|William Sooy Smith|
William Sooy Smith
|Born||July 22, 1830|
|Died||March 4, 1916(aged 85)|
|Place of birth||Tarlton, Ohio|
|Place of death||Medford, Oregon|
|Place of burial||Forest Home Cemetery Forest Park, Illinois|
United States of America|
U.S. Army |
|Years of service||1853 – 1854; 1861 – 1864|
|Commands held||13th Ohio Infantry|
William Sooy Smith (July 22, 1830 – March 4, 1916) was a West Point graduate and career United States Army officer who rose through the ranks to become a brigadier general in the Union Army during the American Civil War.
In civilian life, he was a renowned engineer involved in bridge construction that included the building of the first large all steel bridge in the world.
Early life and career[edit | edit source]
Smith was born in Tarlton, Ohio, and graduated from Ohio University in 1849 with an engineering degree. He furthered this degree at West Point as soon as he left the university, graduating sixth in his class from the U.S. Military Academy in 1853. Smith resigned from the Army on June 19, 1854 to accept a position with the Illinois Central Railroad.
Smith established the engineering company Parkinson & Smith in 1857, and was involved in the first surveys for a bridge between the United States and Canada across the Niagara River near Niagara Falls.
Civil War[edit | edit source]
In 1861 at the outbreak of the Civil War, Smith joined the 13th Ohio Infantry, and by June he was commissioned as its colonel. After serving in western Virginia, he was promoted to brigadier general ( volunteers) in April 1862 during the Battle of Shiloh. Smith participated in the Vicksburg campaign, commanding the XVI Corps' first division.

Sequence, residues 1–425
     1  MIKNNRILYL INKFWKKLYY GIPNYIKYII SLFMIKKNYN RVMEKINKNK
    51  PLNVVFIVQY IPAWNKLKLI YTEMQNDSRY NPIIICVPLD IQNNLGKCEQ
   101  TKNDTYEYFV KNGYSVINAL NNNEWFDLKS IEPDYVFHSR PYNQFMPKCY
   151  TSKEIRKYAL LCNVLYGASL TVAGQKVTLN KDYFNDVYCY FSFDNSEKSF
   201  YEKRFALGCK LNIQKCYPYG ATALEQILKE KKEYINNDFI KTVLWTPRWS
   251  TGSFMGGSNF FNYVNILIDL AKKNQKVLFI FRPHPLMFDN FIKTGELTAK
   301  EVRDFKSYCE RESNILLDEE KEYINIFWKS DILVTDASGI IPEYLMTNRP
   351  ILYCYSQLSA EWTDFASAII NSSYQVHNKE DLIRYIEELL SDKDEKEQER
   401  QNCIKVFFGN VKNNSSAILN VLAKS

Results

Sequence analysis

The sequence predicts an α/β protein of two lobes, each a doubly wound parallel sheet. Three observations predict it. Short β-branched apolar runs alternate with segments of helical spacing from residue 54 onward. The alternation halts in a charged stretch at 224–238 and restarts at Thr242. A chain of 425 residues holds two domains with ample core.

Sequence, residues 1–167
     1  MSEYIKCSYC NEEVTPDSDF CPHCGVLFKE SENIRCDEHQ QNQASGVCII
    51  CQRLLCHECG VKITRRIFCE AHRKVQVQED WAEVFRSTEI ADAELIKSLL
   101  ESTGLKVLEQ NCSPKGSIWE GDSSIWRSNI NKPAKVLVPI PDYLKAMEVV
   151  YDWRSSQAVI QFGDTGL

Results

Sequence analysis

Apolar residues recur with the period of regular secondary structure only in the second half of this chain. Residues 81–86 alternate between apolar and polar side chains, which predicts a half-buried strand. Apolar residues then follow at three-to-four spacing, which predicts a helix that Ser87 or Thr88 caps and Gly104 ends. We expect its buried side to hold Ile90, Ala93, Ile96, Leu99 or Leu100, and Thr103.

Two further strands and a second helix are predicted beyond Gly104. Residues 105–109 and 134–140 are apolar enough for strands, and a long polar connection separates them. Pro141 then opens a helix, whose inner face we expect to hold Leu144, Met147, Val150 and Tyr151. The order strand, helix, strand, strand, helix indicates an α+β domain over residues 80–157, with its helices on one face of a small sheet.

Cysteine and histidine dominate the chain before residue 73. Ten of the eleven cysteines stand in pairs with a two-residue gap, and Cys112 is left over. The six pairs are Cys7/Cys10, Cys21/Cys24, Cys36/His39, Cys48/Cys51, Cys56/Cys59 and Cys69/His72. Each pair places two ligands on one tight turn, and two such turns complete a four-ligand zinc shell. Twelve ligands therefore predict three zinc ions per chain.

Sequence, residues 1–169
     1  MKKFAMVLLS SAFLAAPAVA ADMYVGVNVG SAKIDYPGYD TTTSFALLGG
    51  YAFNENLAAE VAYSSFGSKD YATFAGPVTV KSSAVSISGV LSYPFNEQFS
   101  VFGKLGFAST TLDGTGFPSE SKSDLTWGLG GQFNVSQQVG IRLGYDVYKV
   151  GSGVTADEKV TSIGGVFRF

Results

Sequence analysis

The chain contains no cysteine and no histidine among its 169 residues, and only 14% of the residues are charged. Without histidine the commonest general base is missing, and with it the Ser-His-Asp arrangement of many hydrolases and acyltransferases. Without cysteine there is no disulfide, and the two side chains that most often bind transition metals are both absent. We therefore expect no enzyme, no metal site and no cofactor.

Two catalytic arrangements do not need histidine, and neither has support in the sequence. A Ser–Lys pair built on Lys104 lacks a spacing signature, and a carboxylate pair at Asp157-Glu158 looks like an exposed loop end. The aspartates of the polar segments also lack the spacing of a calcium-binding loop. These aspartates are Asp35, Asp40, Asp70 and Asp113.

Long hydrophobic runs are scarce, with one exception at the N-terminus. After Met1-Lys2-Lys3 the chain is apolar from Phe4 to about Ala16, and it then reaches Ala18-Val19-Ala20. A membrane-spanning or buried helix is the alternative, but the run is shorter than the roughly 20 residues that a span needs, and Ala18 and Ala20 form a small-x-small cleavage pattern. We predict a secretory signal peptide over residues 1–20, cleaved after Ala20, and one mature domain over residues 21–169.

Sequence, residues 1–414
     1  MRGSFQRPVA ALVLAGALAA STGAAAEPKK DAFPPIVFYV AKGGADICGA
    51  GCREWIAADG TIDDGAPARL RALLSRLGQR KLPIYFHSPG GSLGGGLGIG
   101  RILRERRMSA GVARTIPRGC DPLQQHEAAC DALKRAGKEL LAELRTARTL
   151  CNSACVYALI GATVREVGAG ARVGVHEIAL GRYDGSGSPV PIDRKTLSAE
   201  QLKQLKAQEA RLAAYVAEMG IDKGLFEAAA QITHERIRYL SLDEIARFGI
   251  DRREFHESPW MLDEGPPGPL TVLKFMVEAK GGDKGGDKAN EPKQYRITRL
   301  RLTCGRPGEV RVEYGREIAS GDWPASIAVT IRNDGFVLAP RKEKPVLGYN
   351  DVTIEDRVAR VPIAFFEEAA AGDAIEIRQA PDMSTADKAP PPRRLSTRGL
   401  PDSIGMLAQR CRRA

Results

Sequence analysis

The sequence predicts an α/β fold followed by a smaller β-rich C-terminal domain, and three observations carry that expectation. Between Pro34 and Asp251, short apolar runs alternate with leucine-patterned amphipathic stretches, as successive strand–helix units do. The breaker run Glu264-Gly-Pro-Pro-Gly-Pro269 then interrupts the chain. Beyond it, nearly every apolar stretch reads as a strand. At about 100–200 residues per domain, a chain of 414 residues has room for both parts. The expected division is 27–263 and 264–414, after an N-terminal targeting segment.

On January 27, 1864, during Union attacks on Meridian, Mississippi, Smith was given the command of General Hurlbut's force of 7,000 cavalry along with the 2,500 that was already under his command. Confederate forces under Maj. Gen. Nathan Bedford Forrest, however, defeated these forces on February 22, 1864 in the Battle of Okolona. Smith, having disobeyed orders from Sherman, was forced to fight this eleven-mile running battle before retreating across the state line into Tennessee on February 26, where he was criticized for putting Sherman's Meridian Expedition in danger.
Afterwards, he served as chief of cavalry in both the Department of Tennessee and the Military Division of Mississippi, under Ulysses S. Grant and William T. Sherman. He resigned from the Army in July 1864 due to rheumatoid arthritis.
Postbellum career[edit | edit source]
After leaving the army Smith returned to civil engineering. In 1867, he sank the first pneumatic caisson of the Waugoshanee lighthouse in the Straits of Mackinaw. At Glasgow, Missouri, from 1878 to 1879, Smith worked on the Glasgow Railroad Bridge. This was the first all-steel bridge, which crossed the Missouri River.
In 1876 Smith was awarded the American Centennial Exposition prize, and continued to work in engineering until retirement to Medford, Oregon towards the end of his life. After his death in 1916, he was buried in Forest Home Cemetery in Forest Park, Illinois.
See also[edit | edit source]
References[edit | edit source]
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